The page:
New program from the USGBC helps Los Angeles’ ambitious net zero goals with practical energy solutions
By NEAL ANDERSON
This fact bears repeating: the buildings sector accounts for about 76 percent of electricity use and 40 percent of all U.S. primary energy use and associated greenhouse gas (GHG) emissions. As green building professionals, we are collectively committed to take action.
In between that awareness and commitment to take action, we need “actionable” solutions to make net zero buildings a reality today. What innovations can and should we use? Do they really work? What is the business case? Am I empowered to take risks? How can I minimize those risks while taking action?
These are some of the questions being confronted head-on through the US Green Building Council-Los Angeles’ new Net Zero Accelerator program, which is focused on piloting and promoting technologies and solutions that help make zero carbon, zero energy, zero water, and zero waste buildings a reality in Los Angeles and beyond.
“Net zero” simply means that buildings do not use or make more than they create. Net zero buildings create as much energy as they use and leverage energy efficiency solutions. Carbon reduction is closely related to energy efficiency, which relies on clean renewable energy generation and use to reduce greenhouse gas emissions – a significant focus area for Los Angeles. Using net zero water also combines efficiency solutions including options like rainwater collection and greywater treatment and reclamation.
While these goals make common sense for more livable buildings and communities, the business case for designing, retrofitting, and building green is also compelling in both the short and long term. Innovations can be incredibly cost effective compared to traditional solutions.
Solar photovoltaic solutions, for example, reduce operating costs over the long term today and provide a hedge against future electricity price increases. In addition, the growing availability of virtual net metering has been a boon for the multifamily market, adapting to the needs of building owners while also increasing tenant appeal, justifying higher rent rates, and becoming a source of profit once the photovoltaic system is paid in full.
Combined with incentives from states, cities, and utilities, the bottom-line sense to move toward net zero buildings is impossible to ignore. The City of Los Angeles has set aggressive net zero building goals that apply to us all: “All new buildings will be net zero carbon by 2030; and 100 percent of buildings will be net zero carbon by 2050.”
Large gaps exist today between these net zero building goals and current technologies in use at existing buildings. The Net Zero Accelerator program bridges those gaps by identifying viable technologies, positioning them for success, and accelerating their market entry in Los Angeles. By proxy, we hope to see these solutions rapidly adopted across the nation and globe.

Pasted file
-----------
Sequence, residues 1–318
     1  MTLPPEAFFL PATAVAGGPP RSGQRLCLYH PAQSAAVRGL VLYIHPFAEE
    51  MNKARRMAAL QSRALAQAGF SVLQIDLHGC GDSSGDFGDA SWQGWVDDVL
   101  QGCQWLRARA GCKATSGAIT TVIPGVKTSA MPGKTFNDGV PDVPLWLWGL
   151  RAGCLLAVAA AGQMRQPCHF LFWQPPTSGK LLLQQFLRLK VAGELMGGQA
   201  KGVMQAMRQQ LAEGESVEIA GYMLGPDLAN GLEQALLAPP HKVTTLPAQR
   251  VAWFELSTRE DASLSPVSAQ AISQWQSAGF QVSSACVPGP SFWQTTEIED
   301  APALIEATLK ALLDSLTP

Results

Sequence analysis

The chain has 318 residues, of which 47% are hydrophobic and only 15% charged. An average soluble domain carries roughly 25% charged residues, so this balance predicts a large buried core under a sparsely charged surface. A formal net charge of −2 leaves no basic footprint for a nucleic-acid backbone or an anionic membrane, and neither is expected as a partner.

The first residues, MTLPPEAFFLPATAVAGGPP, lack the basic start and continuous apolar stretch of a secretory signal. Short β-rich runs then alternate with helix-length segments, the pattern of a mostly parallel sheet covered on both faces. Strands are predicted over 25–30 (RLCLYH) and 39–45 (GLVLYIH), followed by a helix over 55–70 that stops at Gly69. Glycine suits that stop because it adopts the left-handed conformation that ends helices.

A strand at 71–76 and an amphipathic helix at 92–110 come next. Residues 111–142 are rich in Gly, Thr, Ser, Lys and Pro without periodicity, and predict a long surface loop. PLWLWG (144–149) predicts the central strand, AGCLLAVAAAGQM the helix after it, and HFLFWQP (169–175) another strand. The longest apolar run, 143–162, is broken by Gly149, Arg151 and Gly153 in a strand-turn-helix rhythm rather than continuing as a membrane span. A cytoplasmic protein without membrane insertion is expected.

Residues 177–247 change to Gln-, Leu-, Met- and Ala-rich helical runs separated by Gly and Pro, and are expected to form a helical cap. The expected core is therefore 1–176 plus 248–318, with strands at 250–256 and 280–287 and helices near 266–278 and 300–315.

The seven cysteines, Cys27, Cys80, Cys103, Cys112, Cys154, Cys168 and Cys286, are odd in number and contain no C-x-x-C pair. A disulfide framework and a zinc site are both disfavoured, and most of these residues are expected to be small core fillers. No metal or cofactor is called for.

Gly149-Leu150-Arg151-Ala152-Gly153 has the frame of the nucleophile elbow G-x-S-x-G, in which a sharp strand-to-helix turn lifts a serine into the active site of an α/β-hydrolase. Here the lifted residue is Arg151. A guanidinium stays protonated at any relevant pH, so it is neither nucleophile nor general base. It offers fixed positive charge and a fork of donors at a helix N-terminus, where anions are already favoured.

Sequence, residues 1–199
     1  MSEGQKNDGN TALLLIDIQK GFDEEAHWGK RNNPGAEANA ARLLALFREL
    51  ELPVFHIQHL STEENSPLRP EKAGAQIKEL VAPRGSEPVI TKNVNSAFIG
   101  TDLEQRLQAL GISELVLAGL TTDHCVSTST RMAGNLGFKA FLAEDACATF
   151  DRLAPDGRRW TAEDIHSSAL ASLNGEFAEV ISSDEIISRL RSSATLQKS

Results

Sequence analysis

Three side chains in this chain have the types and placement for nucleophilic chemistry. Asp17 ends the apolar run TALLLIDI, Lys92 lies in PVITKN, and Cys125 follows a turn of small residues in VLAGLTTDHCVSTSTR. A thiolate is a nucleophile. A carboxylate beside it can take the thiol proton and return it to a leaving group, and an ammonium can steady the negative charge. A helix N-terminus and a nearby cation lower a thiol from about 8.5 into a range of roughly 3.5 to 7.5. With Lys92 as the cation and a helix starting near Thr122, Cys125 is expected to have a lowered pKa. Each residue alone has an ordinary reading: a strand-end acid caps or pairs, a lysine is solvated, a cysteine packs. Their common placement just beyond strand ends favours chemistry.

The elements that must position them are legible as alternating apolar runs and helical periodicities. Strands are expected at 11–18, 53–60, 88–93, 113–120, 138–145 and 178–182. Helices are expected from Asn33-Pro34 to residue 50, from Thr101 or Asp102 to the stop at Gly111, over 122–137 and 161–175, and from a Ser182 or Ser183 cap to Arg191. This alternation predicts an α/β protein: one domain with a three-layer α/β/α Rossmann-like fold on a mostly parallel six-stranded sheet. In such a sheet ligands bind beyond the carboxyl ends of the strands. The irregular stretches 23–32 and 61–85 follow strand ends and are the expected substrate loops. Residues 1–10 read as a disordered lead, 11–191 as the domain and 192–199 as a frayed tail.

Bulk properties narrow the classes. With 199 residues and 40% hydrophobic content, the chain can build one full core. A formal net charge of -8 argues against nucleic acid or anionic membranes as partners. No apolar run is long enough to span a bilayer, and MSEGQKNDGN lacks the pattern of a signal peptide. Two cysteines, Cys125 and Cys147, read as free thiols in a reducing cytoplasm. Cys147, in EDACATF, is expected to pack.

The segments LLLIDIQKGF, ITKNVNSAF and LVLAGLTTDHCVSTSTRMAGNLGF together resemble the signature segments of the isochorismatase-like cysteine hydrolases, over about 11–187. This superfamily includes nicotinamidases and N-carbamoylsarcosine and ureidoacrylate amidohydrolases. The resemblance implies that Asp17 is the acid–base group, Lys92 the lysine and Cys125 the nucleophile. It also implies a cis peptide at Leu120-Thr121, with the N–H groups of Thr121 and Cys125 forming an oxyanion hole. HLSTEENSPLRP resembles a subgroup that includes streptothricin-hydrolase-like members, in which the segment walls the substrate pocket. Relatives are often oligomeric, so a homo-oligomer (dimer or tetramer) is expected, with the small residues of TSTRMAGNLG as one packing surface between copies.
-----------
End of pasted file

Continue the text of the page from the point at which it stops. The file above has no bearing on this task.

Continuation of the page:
Collectively, we have the immense power, knowledge, and resources to rise to any challenge. We are multifamily property owners, building operators, architects and designers, domain and subject matter experts, utilities and engineers, builders and investors, universities, and innovators. Over 20 organizations have committed early engagement by providing expertise, pilot sites, and other resources to drive the Accelerator’s success.
Four years ago, we knew that the opportunities for improving energy efficiency were enormous, let alone that of carbon, waste and water. The U.S. Department of Energy published that “by 2030 building energy use could be cut more than 20 percent using technologies known to be cost effective today and by more than 35 percent if research goals are met. Much higher savings are technically possible.”
By focusing on validating and placing solutions in existing buildings, now, this is an area where we can move the proverbial needle in the right direction. Source innovative startups, pair them with experts to fine tune them for scalable adoption, and broadly promote awareness of these solutions with an emphasis on placing technology pilots with building partners. See results before the new year, and keep the momentum rolling.
Innovation is happening. Solutions that bring us closer toward net zero — even net positive — buildings are here. If we help, test, specify, implement, and celebrate them, we can lead by example and demonstrate the positive solutions that are possible when we collaborate.
To learn more about and share the Net Zero Accelerator, visit the USGBC-LA website at usgbc-la.org/programs/net-zero-accelerator.
Neal Anderson is the Director of the Net Zero Accelerator at USGBC-LA. He has helped grow dozens of projects and businesses, with an overarching focus on impact and sustainability. He can be reached at email@example.com.